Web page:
• Kevin J. Anderson's Blindfold largely follows the dogma, the biggest violation would be the presence of a bacterium that, when ingested, temporarily allows for a form of Psychic Powers, although the author tries to explain it in a plausible way (it supposedly boosts a person's electrical perception sense to allow for touch telepathy, since our thoughts are little more than electrical impulses). FTL Travel is absent, and the colony of Atlas is completely on its own, being far enough away from Earth that it takes several decades for a ship to reach it. In fact, there have only been four ships arriving to the planet in the history of the colony, including the original colony ship, a prison transport (the prisoners integrated fairly well into the main population), a warship (sent by a militant Earth government, but the invasion was thwarted), and a missionary vessel. Another ship is expected to arrive within a decade. It's heavily implied that Atlas is humanity's only extrasolar colony due to the massive effort it takes to put together an interstellar mission. Additionally, despite the fact that the colony is several centuries old, it still only covers a fraction of the planet's surface. The colony uses both the Feudal Future and We Will Use Manual Labor in the Future tropes. The only means of getting to space involves the use of a Space Elevator that connects the hub of the colony to a ship that has been converted into a Space Station (both are destroyed at the end of the novel, meaning this capability is also lost).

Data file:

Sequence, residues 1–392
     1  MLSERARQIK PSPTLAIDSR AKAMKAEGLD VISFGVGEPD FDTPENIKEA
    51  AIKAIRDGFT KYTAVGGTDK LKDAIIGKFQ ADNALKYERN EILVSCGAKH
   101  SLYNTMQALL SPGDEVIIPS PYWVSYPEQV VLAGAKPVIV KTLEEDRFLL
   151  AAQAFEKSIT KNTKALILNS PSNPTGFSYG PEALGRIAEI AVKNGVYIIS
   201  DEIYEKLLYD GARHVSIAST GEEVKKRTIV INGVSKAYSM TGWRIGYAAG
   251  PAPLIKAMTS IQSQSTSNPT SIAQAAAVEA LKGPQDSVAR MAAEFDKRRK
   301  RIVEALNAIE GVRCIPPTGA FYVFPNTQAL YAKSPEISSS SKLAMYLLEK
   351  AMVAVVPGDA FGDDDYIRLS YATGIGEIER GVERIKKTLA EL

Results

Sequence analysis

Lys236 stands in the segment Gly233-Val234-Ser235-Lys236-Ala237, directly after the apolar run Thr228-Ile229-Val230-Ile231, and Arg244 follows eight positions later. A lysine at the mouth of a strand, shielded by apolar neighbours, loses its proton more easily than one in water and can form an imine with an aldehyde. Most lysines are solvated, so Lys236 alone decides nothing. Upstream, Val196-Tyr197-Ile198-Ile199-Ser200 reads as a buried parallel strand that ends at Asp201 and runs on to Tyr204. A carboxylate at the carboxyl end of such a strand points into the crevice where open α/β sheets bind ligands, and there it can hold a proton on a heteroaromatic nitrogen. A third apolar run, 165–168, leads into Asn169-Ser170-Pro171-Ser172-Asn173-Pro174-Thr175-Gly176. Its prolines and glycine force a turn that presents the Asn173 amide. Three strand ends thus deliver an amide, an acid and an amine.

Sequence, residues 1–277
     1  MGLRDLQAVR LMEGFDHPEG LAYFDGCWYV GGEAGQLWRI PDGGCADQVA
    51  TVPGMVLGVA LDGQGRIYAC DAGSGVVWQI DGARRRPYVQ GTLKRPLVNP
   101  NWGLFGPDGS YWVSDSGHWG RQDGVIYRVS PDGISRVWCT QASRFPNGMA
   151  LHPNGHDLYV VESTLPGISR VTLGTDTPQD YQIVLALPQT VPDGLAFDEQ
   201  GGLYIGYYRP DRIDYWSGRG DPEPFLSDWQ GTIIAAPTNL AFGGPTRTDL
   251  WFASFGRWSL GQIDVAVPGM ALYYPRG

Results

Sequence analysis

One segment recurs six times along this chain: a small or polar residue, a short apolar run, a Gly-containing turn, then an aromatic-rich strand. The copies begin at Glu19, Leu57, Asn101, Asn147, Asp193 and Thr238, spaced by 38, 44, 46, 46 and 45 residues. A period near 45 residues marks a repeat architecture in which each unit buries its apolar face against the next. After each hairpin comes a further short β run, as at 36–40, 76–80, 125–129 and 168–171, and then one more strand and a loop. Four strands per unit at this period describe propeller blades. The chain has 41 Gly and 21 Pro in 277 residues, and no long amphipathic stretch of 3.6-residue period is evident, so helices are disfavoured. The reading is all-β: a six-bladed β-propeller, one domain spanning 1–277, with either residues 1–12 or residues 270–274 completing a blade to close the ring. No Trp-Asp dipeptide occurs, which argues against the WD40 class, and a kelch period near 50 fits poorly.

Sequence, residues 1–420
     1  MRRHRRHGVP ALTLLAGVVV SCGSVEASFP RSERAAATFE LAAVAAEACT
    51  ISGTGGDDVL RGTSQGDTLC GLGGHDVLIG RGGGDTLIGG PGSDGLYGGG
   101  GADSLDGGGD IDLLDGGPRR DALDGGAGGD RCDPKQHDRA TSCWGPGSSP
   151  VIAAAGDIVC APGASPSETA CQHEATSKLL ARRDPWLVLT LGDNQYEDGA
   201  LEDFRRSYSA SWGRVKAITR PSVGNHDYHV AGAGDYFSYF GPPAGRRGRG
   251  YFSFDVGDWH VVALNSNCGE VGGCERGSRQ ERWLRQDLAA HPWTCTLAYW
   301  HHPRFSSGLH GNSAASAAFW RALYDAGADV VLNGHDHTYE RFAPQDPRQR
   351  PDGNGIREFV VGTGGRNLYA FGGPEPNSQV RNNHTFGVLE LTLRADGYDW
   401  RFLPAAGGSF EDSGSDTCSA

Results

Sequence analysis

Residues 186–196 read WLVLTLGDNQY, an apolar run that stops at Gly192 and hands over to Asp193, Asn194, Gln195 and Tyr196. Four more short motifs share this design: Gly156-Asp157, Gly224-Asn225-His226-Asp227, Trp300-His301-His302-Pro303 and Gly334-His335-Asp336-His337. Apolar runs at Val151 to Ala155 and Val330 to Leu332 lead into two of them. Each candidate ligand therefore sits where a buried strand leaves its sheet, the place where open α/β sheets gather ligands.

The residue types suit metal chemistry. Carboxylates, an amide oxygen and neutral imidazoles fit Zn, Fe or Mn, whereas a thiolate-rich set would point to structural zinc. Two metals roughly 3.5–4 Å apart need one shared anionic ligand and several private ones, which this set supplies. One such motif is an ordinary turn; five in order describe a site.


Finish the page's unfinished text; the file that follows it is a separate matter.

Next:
Live Action TV 
  • Moonbase 3. (You've probably never heard of this series, have you? Well it aired on The BBC in the early '70's.)
  • Star Cops: This BBC series was a pretty good attempt at realistic "High Frontier" SF.
  • The Six Million Dollar Man
  • Firefly is arguably on the dividing line: most of the setting is quite mundane - no FTL, no aliens, no teleportation or time travel...and it is one of very few TV series examples to get the properties of space (e.g. no propagation of sounds in vacuum) right. However, there are several instances preventing it from truly fitting the trope:
    • At least one notable instance involving psionic powers (which may or may not qualify as Functional Magic)
    • Ubiquitous artificial gravity which is not achieved via rotation and ensuing centrifugal force and whose mechanism is unexplained (the rotation variant is seen on stations, such as Neeska's station, but not on ships)